Noted Swiss engineer George de Mestral once found his dog covered in burrs after a hunting trip. Upon examination of the plant under a microscope, he found an intricate design of hooks that allowed it to stick to wool and fur. This plant later inspired his creation—Velcro, a widely-used, commercially successful adhesive material and a prime example of ‘biomimicry’.
Biomimicry, the act of emulating nature’s design and structure through engineering, has long been providing us with intelligent solutions to complex problems. These biologically inspired solutions lend resistance, durability and adaptability to products much like nature’s ability to thrive in a variety of external factors.
This discipline has impacted both functional business areas and research across industries. For example, a 2014 technological breakthrough took inspiration from a cat’s ability to accurately determine space and pressure levels with its whiskers. This led to the development of the most accurate pressure sensors yet—‘e-whiskers’, made from flexible carbon nanotubes. E-whiskers could have a significant impact on robots, for example, improving their ability to ‘feel’ their surroundings helping manufacturers that use robots in collaborative and assistive work.
Medical technology has also benefitted from biomimicry. Hearing aids modeled on the supreme acoustic capabilities of a particular species of fly provide valuable assistance to hearing-impaired patients. These hearing aids are able to zero in on specific sounds unlike traditional ones that often pick-up a variety of background noises. Hospitals could use anti-bacterial technology such as nano-scale surface films that repel bacteria which are structured like the anti-bacterial skin of sharks.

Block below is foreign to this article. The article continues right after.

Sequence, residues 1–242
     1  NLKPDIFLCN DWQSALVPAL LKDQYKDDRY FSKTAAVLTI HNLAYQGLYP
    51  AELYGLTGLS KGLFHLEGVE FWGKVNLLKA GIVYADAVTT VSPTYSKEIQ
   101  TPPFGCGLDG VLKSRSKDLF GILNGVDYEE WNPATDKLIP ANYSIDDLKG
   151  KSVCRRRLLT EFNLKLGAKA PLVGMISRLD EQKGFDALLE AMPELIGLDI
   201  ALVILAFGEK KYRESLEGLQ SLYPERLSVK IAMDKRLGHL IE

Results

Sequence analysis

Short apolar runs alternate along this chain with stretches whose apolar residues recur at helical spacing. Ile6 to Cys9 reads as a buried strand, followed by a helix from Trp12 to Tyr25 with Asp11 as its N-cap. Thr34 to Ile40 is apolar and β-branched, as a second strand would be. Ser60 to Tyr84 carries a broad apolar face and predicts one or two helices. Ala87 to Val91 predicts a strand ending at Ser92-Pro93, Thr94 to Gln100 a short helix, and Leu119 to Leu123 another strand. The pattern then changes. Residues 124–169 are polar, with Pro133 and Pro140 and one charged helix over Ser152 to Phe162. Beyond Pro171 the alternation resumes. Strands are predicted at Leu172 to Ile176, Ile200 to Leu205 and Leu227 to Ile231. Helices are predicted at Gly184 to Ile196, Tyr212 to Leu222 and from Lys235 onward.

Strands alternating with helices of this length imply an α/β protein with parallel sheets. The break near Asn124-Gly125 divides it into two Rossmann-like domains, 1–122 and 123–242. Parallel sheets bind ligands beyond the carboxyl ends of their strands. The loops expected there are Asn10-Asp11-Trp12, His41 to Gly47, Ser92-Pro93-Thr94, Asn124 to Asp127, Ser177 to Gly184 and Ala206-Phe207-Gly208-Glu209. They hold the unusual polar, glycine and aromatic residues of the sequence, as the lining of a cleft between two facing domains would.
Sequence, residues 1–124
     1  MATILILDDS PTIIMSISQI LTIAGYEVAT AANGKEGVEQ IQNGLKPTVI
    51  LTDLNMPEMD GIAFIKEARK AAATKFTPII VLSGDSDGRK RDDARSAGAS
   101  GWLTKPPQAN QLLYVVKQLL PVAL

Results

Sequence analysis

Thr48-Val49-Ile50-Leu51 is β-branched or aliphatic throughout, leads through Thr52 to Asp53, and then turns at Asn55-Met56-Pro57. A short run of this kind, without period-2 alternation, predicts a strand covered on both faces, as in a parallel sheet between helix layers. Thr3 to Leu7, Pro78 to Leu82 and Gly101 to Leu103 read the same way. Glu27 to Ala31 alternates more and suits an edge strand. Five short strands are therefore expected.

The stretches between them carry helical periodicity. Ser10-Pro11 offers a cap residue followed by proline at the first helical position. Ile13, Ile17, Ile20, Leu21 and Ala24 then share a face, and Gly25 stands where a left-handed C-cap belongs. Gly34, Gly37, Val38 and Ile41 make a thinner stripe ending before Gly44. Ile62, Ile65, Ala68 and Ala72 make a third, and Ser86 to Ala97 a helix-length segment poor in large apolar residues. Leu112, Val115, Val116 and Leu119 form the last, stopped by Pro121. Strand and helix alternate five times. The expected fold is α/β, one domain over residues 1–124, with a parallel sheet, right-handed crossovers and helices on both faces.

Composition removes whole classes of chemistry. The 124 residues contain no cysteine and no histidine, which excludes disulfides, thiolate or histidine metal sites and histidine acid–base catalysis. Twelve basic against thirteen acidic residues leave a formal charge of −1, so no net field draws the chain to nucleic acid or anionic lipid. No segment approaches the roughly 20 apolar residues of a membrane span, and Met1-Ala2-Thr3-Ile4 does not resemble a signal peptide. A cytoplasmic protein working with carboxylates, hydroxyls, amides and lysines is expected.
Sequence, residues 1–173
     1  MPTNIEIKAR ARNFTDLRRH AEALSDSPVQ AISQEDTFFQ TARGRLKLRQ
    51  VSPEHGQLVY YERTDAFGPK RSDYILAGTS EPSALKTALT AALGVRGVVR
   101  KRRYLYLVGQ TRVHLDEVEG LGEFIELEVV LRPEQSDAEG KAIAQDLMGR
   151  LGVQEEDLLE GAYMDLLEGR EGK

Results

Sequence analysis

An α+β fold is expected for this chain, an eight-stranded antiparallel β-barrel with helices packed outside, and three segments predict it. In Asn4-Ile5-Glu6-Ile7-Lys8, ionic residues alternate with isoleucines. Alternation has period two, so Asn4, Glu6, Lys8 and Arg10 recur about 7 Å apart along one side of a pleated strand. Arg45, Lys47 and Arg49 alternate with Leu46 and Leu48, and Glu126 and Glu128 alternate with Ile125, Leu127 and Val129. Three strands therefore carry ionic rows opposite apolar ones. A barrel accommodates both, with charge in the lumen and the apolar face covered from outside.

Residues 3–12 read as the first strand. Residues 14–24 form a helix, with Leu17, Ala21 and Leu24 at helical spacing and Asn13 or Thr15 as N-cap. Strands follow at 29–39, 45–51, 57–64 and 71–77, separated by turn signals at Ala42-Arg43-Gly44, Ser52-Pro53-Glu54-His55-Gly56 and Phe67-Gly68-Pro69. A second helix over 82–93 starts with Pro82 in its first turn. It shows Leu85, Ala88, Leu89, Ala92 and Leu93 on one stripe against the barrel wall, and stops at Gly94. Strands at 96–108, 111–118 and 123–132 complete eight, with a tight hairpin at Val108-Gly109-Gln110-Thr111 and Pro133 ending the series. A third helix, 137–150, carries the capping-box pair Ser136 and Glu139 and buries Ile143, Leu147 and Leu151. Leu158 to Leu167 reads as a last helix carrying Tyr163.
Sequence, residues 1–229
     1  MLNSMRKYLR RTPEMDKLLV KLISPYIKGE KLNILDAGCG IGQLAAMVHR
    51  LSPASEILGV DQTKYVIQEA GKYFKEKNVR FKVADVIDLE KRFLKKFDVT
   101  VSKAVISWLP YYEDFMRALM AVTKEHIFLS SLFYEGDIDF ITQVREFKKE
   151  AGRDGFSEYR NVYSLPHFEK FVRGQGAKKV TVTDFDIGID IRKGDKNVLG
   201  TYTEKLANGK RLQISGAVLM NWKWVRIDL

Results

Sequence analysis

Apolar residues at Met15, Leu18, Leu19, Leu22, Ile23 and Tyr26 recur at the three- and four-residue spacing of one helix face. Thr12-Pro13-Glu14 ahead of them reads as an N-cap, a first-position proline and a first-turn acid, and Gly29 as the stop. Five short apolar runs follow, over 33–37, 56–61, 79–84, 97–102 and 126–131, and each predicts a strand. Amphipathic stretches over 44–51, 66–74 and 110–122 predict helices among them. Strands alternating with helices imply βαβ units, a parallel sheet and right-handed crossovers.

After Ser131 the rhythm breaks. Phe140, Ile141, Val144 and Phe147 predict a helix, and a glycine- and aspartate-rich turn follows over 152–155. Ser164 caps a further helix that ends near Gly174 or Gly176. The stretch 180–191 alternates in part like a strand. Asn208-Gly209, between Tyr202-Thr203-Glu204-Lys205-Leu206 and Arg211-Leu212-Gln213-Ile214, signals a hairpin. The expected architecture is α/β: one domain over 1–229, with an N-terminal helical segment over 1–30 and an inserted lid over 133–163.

Biomimicry has also contributed to advancements in safety devices. The ability of species to detect minor changes in their environmental surroundings has helped scientists develop advanced sensors for safety purposes. A recent toxicity sensor has been modeled on a turkey’s ability to detect chemicals and change its skin-colour accordingly. Elsewhere, researchers have developed a bomb-detection radar inspired by the sonar tracking abilities of dolphins. This radar could also help first responders find victims during disasters.
Evolutionary progress has allowed species to thrive in an energy-efficient manner. Seaweed for example, harvests light energy by moving with waves to zones of light. Similarly, scientists have developed flexible floats that capture energy from water movements. Wind turbines often face a challenge of space due to the large size of turbine shafts. Now, the vertical movements of schools of fish is set to inspire the vertical wind turbine, with recent studies showing a ten-fold gain in efficiency.
Evolution has meant that nature has long been adapting to newer and tougher conditions while also conserving energy in the process. In addition, evolution has also served as a robust testing ground for structural development. Looking to nature for design solutions can contribute not only to industrial innovation but also to sustainable design that conserves resources. The richness and wealth of biodiversity means that much remains to be learnt from our environment. Do you think that biomimicry is a viable solution for complex engineering problems? Please leave your comments in the section below.